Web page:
Showing posts with label striploin. Show all posts
Showing posts with label striploin. Show all posts

BlueBlood Steakhouse (Toronto)


If you haven’t visited Casa Loma lately, you’ll be surprised by how much has changed. Once a destination for tourists, elementary school trips, and weddings, the attraction now houses an escape room and BlueBlood Steakhouse, a sprawling restaurant occupying three rooms on the main floor. When an eatery is set in a castle, there’s undoubtedly opulence and the price points to match. At BlueBlood, staff gush about the caviar and wagyu tasting flight, menu items that not every average non-noble can afford.


Even with steaks as mains, we started with the prime steak tartare ($26). For raw meat, it was surprisingly tender and despite the dish incorporating cured duck egg and house made pickles, the tartare was mellow tasting. The only disappointment was the for-show-only bone marrow; the tartare didn’t seem to incorporate any of the ingredient.


It’s unclear whether the restaurant forms the crab cakes differently depending on the number of people sharing the dish - the jumbo lump crab cake ($24) ended up arriving as three, making it much easier to split - kudos to the kitchen if there is that level of customization! This would help explain why the crab cakes were rather thin, which results in an oily starter since there’s so much breadcrumb coating. While it would help if they were drained better, the fresh hot cakes were good, especially with a smear of the light dill aioli.


For a steakhouse, their steak selection isn’t the greatest. While the menu includes a lot of high end options such as wagyu and shared cuts like a tomahawk, there’s not that many reasonably priced personal-sized portions. For my favourite cut of steak, the ribeye, BlueBlood only offered three choices with none in the dry-aged category. Settling on the 14oz wet aged Erin, Ontario ribeye ($65), it was tender and flavourful, but would be even better if it were a smaller thicker cut. While lying on the hot plate, the thin steak soon became medium in the middle and well done on the edges.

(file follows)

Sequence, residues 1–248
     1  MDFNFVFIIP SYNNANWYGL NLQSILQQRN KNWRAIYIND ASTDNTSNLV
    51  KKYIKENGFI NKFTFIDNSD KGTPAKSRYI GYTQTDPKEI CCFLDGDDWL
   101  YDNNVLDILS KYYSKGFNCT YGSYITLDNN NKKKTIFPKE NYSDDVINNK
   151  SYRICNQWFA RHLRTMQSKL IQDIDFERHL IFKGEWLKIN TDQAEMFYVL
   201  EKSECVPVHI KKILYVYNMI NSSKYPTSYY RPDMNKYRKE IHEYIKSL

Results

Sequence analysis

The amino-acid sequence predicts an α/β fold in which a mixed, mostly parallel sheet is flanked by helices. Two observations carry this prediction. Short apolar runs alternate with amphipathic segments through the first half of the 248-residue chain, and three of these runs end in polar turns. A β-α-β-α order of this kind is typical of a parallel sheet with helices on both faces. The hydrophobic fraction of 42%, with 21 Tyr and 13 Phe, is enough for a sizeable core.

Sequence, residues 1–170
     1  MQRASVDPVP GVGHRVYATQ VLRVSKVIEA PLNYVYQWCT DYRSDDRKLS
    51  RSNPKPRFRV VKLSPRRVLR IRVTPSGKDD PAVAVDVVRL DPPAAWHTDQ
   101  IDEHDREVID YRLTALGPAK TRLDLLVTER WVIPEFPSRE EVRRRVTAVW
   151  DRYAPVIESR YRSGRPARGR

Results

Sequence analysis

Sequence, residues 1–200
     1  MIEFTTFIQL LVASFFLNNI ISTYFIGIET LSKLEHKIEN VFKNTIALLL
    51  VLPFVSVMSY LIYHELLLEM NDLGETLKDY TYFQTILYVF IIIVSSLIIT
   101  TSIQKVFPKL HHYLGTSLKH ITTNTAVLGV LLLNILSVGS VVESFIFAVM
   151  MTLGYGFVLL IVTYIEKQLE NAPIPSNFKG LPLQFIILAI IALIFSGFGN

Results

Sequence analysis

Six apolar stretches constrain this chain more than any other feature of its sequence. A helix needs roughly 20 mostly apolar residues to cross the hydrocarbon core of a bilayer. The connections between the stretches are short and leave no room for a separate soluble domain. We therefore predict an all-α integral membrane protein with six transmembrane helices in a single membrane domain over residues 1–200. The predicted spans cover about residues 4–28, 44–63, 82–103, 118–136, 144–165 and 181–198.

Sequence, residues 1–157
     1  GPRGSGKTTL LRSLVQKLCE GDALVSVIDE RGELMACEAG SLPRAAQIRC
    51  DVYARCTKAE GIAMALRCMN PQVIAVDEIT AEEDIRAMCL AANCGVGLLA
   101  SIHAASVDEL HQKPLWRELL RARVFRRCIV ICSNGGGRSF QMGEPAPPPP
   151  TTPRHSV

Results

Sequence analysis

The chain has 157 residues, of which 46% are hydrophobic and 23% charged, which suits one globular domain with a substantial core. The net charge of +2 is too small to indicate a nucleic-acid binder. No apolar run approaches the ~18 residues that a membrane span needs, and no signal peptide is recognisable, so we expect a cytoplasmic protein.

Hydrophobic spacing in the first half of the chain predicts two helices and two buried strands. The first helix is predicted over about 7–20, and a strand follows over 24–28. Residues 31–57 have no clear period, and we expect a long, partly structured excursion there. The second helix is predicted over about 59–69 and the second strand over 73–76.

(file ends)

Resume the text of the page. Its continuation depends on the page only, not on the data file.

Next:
At first, the 16oz dry aged centre cut striploin ($75) tasted great given it had such a rich flavour from being dry aged. But, after two slices the ultra-lean beef soon became chewy and heavy. Personally, I find lean cuts, like striploin, aren’t the best for dry aging. The evaporation of moisture causes the beef to toughen, albeit concentrating the flavour.




Perhaps, this is a cut that benefits from a sauce. We chose to forgo them and rely on the salt selection instead – the smoked salt goes particularly well with everything.


While petite in size, the 8oz barrel cut Nebraska filet ($65) was tasty with its strong beefy flavour. Given the filet is another lean cut, it was suitably wet aged and remained tender. Truthfully, while the steak looked dwarfed compared to our other choices, the portion was adequate; especially if you’re ordering appetizers and dessert, you won't leave feeling glutinous.


Trust me, you'll want the sides, especially the lobster mac ‘n’ cheese ($20) where the pasta was done perfectly and the cream sauce not overly thick so remained molten throughout the meal. The dish incorporated enough lobster to go around and I went back for seconds and thirds.  The garlic mashed potato ($14) was also silky without relying too heavily on cream, the garlic essence was present but restrained. I could have done without the cheddar espuma sauce that accompanied the broccolini ($16), since all the other dishes were already so rich… at least it was kept to the side so there were plenty of plain roasted pieces to choose from.